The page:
Hangovers and trolls

Picture this – It’s Sunday and I’ve been up since 8.30am, my mouth feels like a sandy flip flop that’s been loosely encasing a sweaty foot. Downstairs there’s empty bottles of spirits, cans of Diet Coke and a dog that doesn’t belong to me taking up residence on the sofa.

Don’t worry I’m not an alcoholic dog thief (Allegedly)

No, we just had friends stay over and one of them owns a beautiful big bulldog named Boris, who walked a turd in from the garden and pawed it all over my leggings.

The night before when indulging in drinking golf and chugging on a Charcoal Mellowed Jack Daniels and coke, I didn’t anticipate waking up feeling like worlds worst mother, do you know why I feel like that? Because of course any mum who gets drunk with her friends whilst her daughter is at her nan’s is of course bad mum material, according to the trolls we’re up against on Instagram anyway.

Or is it only mum’s like me who get drunk in their kitchen that are the really terrible ones?

I do feel like death is knocking at my door today, and anxiety has it’s talons around my neck, but not because I’m a terrible mum, just because I drank a lot, and alcohol is a depressant.

I also have a sore throat from the choking I did whilst laughing too hard and my stomach feels like I’ve done 100 sit ups.

I’ve decided in light of that feel good feeling, I’m going to give myself a break. Because we live in a world where we’re all too judgemental about what other people do, and the last thing that’s needed to add to the hate filled shit plastered all over the internet is to start judging ourselves moreover.

Most decent human beings give themselves a hard enough time without trolls sliding into their DM’s to tell them they’re bad people. They usually aren’t. They just, like me, made the most of their night off. And even if they are what one person considers ‘bad people’ who’s place is it to judge them?

My night off last night consisted of booze, but it’s not always my go to, to get drunk when I have a babysitter. Sometimes I eat nice food or catch up on sleep. Sometimes I just watch a bit of Netflix, and chill. That’s ok too. Do we judge those people or just the ones that like to splurge on homemade cocktails.

I have a challenging relationship with social media, I’ve mentioned in previous blogs how I love and hate it in equal measures and that’s still true. I chose an open Instagram page to raise awareness of causes that matter to me whilst sharing snippets (and that’s all it is) of our family life.

Unfortunately there will always be someone out there just waiting to make you feel shit about yourself whether it’s gossiping behind your back or sliding into your inbox. Social media as much as it’s a platform for us to vent it’s also a platform for bigoted people to share their online opinions and that sadly, just is. It was only a week or so ago I dedicated a post to ‘Mum Guilt’ and all its shame fuelling feelings. I think realistically all we can do to prevent online hate is to refuse to be affected by it. I try not to respond to these imbeciles unless it makes room for a funny joke. I was reading Constance Hall’s post the weekend about her giving her son a cool bath to reduce fever. There’s tons of advice suggesting this isn’t the way to reduce a fever and can actually be harmful, but bearing in mind she’s a mum of five I think she’s probably got previous form for fever reduction. However the response to her post was so drenched in hate filled commentary about how she should know better, for God’s sake guys, the bath could of been 2 degrees cooler for all we know and probably wasn’t full of ice! I commented in response to one of the trolls stating this and then I deleted it because I realised in that split second that my opinion was just that, an opinion and all it was doing is fuelling the fire for online abuse. We all bang on about supporting each other but still have strong views around what is right. Just a heads up, unless a child is being abused or neglected, it’s probably not your business or your problem. She was in the bath cuddling her baby, not drowning him and feeding him soap. Ciara had pizza and screen time to aid my recovery today, and guess what! She loved every second of it.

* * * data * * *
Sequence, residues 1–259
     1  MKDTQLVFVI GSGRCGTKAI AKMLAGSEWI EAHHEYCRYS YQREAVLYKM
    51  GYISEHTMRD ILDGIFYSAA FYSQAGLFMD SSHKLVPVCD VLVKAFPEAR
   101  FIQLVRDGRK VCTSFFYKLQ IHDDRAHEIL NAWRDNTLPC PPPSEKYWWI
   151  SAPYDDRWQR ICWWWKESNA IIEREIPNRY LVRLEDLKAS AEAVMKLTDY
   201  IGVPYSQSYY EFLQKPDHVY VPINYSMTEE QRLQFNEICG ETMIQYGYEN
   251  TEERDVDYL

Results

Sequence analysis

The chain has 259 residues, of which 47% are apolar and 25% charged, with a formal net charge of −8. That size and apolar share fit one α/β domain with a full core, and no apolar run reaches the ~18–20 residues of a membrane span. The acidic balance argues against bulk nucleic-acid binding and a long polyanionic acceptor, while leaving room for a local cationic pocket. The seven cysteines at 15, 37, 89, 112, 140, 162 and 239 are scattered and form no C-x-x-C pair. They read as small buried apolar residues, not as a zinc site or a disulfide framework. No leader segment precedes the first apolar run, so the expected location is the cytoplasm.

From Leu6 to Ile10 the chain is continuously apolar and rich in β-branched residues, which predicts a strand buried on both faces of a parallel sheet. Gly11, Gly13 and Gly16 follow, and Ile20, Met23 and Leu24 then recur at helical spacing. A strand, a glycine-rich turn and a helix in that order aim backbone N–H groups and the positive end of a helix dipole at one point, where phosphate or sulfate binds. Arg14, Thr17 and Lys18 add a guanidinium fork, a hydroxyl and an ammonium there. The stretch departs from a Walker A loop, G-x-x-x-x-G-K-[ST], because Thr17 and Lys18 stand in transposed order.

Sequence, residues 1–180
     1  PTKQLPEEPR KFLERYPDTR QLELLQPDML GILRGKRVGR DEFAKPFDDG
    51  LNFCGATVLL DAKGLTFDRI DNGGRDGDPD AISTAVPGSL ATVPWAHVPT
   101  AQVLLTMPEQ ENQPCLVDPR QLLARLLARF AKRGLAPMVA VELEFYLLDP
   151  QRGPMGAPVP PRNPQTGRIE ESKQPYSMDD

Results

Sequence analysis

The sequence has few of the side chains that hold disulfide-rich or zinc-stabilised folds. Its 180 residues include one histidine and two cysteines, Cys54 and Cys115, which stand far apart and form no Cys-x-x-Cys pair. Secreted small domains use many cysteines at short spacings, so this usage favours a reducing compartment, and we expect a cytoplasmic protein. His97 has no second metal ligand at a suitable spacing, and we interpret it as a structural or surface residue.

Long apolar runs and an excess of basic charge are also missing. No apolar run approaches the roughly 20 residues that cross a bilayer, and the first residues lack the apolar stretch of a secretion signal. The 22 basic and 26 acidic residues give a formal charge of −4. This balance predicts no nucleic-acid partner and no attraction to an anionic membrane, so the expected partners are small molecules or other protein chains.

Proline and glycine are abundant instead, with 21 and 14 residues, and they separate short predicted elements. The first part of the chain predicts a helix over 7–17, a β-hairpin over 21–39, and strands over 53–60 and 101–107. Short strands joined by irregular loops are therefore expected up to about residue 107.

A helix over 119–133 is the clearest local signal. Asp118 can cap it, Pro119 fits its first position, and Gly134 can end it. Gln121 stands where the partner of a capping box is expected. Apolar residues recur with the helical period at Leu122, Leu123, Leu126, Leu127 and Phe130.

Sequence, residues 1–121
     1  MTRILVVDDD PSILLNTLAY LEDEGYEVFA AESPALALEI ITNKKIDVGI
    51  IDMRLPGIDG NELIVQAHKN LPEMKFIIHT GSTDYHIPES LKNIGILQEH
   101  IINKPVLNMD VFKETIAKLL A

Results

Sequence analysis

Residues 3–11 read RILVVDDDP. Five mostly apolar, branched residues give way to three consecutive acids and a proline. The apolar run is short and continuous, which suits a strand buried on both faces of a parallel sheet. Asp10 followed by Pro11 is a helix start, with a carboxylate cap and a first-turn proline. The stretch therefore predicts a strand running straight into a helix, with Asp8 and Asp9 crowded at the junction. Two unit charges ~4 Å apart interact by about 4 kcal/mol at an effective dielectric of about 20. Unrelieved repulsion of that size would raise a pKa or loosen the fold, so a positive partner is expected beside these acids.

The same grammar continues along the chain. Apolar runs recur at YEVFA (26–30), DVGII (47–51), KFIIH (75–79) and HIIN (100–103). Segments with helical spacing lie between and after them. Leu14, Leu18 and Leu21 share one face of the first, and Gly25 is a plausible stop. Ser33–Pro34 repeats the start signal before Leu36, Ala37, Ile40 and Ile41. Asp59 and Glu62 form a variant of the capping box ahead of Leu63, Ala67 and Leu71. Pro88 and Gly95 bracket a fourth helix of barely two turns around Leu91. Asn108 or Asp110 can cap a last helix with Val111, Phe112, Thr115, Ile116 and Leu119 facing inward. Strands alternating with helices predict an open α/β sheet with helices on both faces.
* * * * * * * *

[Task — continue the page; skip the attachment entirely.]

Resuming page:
I’ve never taken it well. From my father to boyfriends, one night stands, friends to colleagues, interviews and talent shows. I don’t even like the word –

R E J E C T I O N – ugly isn’t it?

As an adult you really do have to accept it to a certain degree, applying for jobs and not getting them, trying to get your writing published and getting turned down, it’s all par for the course on that journey we call life. However that, for me, doesn’t make it any easier to handle. I find rejection a real personal slight and I internalise it in every which way possible.

I applied for a job last week that I had convinced myself was the only job I wanted and needed despite it being a draining drive all the way there.